A simple sensor is proposed and demonstrated using a silica tapered fiber for sensing different concentration of potassium in de-ionized water. The tapered fiber is fabricated using a flame brushing technique to achieve a waist
diameter and length of 10 μm and 80 mm, respectively. For a concentration change from 0 to 50 %, the ouput signal of the sensor decreases exponentially from -10.04 dBm to -11.11 dBm with linearity of more than 92%. The increment of potassium concentration increases the refractive index of the solution, which in turn reduces the index difference
between core and cladding of the tapered fiber and thus allows more light to be leaked out from the fiber. This new
potassium monitoring system provides numerous advantages such as simplicity of design and low cost of production.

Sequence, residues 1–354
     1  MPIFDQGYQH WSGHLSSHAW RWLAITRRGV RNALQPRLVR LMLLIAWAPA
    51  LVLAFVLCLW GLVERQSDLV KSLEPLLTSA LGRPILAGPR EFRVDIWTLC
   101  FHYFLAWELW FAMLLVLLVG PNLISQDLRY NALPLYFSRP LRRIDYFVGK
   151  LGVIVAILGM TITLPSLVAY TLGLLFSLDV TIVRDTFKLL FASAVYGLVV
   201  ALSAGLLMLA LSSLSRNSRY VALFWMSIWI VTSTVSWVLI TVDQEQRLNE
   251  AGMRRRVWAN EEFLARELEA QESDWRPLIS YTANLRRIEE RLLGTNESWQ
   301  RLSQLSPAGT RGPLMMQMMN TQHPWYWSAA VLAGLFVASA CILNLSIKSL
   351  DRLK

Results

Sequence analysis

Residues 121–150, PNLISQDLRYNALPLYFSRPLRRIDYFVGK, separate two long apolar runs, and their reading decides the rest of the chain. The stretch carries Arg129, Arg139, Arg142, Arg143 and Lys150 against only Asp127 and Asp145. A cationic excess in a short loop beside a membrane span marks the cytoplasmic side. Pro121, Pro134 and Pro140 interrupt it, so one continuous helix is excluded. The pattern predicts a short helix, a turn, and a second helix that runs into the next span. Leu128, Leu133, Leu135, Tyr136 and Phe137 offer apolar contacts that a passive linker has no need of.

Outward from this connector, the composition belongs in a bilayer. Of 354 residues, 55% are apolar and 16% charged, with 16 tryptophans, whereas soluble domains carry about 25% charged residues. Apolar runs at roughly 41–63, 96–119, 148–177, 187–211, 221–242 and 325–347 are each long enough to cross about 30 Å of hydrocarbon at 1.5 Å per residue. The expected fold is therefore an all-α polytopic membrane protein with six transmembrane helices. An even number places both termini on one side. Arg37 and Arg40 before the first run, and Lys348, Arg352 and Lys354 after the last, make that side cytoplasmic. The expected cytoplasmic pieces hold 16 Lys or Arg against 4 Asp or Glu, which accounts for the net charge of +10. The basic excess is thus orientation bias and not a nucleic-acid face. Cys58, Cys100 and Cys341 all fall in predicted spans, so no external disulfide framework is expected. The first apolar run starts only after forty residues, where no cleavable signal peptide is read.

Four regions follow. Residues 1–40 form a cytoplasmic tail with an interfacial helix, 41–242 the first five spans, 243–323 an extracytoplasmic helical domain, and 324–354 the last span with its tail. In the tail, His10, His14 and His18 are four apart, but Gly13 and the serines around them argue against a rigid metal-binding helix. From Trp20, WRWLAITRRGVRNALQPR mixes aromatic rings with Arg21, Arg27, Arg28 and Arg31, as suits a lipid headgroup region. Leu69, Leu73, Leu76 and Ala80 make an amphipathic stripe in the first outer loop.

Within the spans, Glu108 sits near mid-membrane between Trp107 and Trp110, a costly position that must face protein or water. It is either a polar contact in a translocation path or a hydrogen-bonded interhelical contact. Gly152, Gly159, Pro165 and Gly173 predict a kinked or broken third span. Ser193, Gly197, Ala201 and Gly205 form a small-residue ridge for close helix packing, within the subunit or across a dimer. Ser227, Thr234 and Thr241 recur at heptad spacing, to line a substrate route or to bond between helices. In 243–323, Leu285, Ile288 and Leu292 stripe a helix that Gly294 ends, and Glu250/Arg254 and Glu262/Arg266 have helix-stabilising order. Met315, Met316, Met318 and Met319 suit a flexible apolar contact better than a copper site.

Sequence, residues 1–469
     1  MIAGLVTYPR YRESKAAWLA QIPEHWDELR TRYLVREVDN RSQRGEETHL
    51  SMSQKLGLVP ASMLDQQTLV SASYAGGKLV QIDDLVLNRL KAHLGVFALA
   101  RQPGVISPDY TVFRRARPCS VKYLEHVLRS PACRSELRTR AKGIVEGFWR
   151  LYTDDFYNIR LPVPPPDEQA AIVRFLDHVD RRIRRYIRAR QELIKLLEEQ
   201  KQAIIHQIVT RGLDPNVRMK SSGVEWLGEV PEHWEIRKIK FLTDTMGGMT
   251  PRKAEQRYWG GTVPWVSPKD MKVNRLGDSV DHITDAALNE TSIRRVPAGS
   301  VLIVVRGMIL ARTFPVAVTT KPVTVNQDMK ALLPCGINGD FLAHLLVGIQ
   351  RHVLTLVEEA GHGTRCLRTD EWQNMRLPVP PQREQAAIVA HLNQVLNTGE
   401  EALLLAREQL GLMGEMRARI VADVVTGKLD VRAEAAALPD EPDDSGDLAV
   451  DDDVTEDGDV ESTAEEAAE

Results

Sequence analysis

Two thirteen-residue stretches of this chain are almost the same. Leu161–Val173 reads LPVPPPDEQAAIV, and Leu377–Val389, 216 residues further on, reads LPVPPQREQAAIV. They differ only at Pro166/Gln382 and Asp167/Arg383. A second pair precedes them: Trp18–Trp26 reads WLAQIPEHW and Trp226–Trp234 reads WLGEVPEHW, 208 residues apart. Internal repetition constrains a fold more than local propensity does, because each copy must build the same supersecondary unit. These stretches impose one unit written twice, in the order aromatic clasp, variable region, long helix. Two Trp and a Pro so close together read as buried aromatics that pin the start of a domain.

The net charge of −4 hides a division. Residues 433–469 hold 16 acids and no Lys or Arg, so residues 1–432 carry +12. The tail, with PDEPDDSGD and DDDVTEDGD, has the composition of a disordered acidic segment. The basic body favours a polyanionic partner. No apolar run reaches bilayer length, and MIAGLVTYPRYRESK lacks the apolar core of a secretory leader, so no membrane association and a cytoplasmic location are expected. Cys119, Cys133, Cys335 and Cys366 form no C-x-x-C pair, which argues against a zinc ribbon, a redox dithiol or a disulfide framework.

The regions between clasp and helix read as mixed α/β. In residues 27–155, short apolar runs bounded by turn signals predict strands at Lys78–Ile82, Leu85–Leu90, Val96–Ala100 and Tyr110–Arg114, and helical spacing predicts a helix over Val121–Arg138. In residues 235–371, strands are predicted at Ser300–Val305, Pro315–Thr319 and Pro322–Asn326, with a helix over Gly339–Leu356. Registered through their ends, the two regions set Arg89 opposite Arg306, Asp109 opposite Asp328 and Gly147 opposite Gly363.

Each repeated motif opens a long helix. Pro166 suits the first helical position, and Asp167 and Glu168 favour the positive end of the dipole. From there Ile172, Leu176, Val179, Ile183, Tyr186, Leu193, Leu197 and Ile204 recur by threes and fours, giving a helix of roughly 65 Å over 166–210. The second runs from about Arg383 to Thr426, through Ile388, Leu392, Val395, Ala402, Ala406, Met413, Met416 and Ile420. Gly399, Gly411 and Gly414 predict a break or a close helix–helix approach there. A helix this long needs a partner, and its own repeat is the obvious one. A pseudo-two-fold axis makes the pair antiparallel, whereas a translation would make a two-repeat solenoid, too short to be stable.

The purpose of this study is to investigate the potential of intensity modulated fiber optic displacement sensor scanning system for the imaging of dental cavity. Here, we discuss our preliminary results in the imaging of cavities on various teeth surfaces, as well as measurement of the diameter of the cavities which are represented by drilled holes on the teeth surfaces. Based on the analysis of displacement measurement, the sensitivities and linear range for the molar, canine, hybrid composite resin, and acrylic surfaces are obtained at 0.09667 mV/mm and 0.45 mm; 0.775 mV/mm and 0.4 mm; 0.5109 mV/mm and 0.5 mm; and 0.25 mV/mm and 0.5 mm, respectively, with a good linearity of more than 99%. The results also show a clear distinction between the cavity and surrounding tooth region. The stability, simplicity of design, and low cost of fabrication make it suitable for restorative dentistry.